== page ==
Kindergarten Kickstarter: Social and Emotional Development
4 mins read

Kindergarten Kickstarter: Social and Emotional Development

Is your preschooler ready for kindergarten? Let’s practice our skills to get along with others.

The Texas Education Agency provides a list of skill domains to help determine if your child is ready for kindergarten. With these programs, we hope to make those standards a little easier to understand and share ways that you can help your child build those skills every day. This post focuses on social and emotional development, a fancy way of talking about the skills we use to get along with others and manage our behaviors. These self-regulation skills help us understand acceptable and unacceptable ways of dealing with our emotions.

Early Literacy Connections

By exploring emotions, your child is learning to share basic emotions and the difference between feelings and behaviors. You’re helping your child learn that feelings are okay, but behaviors might not be. Talking about feelings helps your child learn to identify them, while also building the vocabulary needed to express them. Modeling facial expressions is one way to help your child understand the context of common emotions.

By following directions, your child is learning to keep their attention on a specific task until it is done – something we need to do often as grownups! Use multi-step directions to help your child practice concentration and memory. These are important skills in getting ready to read, but they also help us regulate our behaviors.


Below is what you will need for our two activities:

Emotion Changing Paper Cup OctopusMap Game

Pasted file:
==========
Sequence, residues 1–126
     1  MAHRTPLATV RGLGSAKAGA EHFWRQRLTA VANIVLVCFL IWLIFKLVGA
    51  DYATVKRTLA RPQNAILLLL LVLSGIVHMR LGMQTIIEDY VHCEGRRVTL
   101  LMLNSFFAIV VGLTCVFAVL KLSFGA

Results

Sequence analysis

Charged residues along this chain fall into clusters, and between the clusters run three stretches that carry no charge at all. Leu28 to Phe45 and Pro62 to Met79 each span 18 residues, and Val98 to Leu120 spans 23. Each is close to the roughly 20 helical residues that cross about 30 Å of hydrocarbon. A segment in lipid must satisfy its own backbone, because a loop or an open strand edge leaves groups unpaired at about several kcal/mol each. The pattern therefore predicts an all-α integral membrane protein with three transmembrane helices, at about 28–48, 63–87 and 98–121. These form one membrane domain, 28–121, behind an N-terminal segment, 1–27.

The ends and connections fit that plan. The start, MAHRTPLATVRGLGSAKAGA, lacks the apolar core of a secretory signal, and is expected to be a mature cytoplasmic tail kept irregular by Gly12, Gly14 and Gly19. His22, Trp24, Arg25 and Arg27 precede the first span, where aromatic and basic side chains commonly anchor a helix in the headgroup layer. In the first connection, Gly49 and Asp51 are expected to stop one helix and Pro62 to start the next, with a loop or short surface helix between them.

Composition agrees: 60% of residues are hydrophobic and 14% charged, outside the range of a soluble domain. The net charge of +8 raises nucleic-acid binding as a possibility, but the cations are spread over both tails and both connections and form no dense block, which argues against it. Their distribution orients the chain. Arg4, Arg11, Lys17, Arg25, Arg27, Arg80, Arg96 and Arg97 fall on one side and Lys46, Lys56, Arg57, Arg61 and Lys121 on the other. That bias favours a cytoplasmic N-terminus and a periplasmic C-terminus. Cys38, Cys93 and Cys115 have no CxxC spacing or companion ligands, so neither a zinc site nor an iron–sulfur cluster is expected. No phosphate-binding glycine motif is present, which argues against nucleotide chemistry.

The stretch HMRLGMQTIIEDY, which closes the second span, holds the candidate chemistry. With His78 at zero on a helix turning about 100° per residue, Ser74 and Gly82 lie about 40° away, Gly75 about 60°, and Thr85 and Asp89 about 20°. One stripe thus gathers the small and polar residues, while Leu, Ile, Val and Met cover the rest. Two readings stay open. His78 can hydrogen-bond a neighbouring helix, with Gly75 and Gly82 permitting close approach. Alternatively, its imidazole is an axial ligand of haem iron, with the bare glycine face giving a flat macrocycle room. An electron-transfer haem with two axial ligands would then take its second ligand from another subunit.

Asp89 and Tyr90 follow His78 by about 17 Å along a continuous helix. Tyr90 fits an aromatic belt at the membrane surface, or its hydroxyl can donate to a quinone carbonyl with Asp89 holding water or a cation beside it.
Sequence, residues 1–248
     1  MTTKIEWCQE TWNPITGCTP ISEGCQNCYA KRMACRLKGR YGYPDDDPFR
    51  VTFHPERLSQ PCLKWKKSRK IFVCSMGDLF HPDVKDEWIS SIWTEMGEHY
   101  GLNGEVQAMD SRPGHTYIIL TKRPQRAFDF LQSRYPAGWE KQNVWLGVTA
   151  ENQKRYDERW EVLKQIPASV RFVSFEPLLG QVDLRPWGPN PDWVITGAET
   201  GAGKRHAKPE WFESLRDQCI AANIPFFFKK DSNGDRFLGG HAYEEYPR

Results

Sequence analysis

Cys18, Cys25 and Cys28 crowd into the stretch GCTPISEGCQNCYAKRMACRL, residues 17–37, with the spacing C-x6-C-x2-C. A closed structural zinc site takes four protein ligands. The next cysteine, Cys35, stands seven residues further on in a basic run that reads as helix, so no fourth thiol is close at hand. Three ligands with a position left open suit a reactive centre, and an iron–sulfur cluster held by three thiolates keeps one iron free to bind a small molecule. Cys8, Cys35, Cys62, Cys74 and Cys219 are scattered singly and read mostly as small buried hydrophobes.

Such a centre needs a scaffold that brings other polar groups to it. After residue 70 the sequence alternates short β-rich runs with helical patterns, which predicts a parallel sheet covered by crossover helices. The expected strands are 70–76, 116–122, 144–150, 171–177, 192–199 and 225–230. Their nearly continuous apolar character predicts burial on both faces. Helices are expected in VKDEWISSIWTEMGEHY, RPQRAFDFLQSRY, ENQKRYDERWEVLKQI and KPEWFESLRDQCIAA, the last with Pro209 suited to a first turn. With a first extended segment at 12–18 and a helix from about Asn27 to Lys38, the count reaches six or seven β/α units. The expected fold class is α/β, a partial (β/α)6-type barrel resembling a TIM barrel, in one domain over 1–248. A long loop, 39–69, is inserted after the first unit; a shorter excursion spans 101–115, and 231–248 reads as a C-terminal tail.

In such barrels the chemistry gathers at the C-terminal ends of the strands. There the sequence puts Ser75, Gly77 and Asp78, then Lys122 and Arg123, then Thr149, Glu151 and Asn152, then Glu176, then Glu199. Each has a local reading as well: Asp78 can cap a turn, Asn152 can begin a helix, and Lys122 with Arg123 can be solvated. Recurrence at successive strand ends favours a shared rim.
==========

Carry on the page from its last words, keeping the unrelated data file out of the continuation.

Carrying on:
Two paper cups*Masking/Painters tape**
Craft knife or scissorsNumber cards or sticky notes
MarkersDirection list
Paper scraps or pipe cleanersToy (optional)
Masking tape or glue
*can substitute two overlapping pieces of paper
**can use chalk if outside


Emotion Changing Paper Cup Octopus
  1. Take one paper cup and draw an octopus on it. It should take up most of the cup. The bigger your octopus, the easier it is to add faces.
  2. Cut a rectangle in the center of the face. The larger your rectangle, the more space you’ll have to make each face.
  3. Insert a blank cup into the octopus cup.
  4. Trace rectangles (through the hole) onto the inner cup. Rotate the cup and repeat. Trace rectangles until you have gone completely around the cup.
  5. Remove the inner cup and draw a face on each rectangle. Try to make faces that represent common emotions.
  6. Add legs to the inner cup. You can use scraps of paper or pipe cleaners.
  7. Put the two cups back together again, with the faces inside the body. Rotate the bottom cup to show a new face.
  8. Practice identifying and naming each emotion. Talk about reasons why someone might have that emotion and what you can do about each feeling.

Map Game
  1. Lay out the grid. Make the squares large enough for a child to easily stand inside. Or, reduce the grid to the size of a toy that your child can easily move through each square.
  2. Have your child start at square one. Face the same direction as the numbers.
  3. Guide your child through the grid with the directions list. Be as specific as possible.
  4. Practice using counting and directional words. Talk about left, right, forward, and backward. Practice counting, too! For added challenges, set a time limit or attempt more physically demanding positions, like balancing on one foot.


Talk to your child about the differences between their feelings and their behaviors. Help your child understand what is okay and what isn’t: it’s okay to feel excited, but you can’t jump off the furniture. Then, try talking about your feelings or the feelings of book characters. Why do you think they are feeling that way? Have you ever felt that way? What can you do about it?

Encourage your child to self-regulate their behaviors. Let your child pick what activity you do next and encourage them to stick with it until the activity is done. If your child is having a hard time staying focused, praise their efforts, be encouraging, offer help, or suggest new ideas.

Using multi-step directions throughout the day will help your child practice concentration and memory. Balance your quiet and active time. Routines help your child understand when it is okay to be noisy and active, and when it is time to be calm and quiet.

Continue Learning

The Way I Feel
by Janan Cain

Press Here
by Hervé Tullet

I Like Me!
by Nancy Carlson

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